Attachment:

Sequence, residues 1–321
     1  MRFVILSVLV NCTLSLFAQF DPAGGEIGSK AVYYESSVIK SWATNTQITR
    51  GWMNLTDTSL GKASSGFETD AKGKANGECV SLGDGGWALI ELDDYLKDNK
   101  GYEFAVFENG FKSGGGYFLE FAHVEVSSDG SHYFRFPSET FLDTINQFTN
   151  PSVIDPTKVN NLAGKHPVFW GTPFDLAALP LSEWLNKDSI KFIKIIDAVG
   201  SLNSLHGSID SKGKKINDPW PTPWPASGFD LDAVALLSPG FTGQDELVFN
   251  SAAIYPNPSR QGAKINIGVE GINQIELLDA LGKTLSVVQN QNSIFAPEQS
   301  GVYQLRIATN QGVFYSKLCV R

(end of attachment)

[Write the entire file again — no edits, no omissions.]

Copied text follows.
Sequence, residues 1–321
     1  MRFVILSVLV NCTLSLFAQF DPAGGEIGSK AVYYESSVIK SWATNTQITR
    51  GWMNLTDTSL GKASSGFETD AKGKANGECV SLGDGGWALI ELDDYLKDNK
   101  GYEFAVFENG FKSGGGYFLE FAHVEVSSDG SHYFRFPSET FLDTINQFTN
   151  PSVIDPTKVN NLAGKHPVFW GTPFDLAALP LSEWLNKDSI KFIKIIDAVG
   201  SLNSLHGSID SKGKKINDPW PTPWPASGFD LDAVALLSPG FTGQDELVFN
   251  SAAIYPNPSR QGAKINIGVE GINQIELLDA LGKTLSVVQN QNSIFAPEQS
   301  GVYQLRIATN QGVFYSKLCV R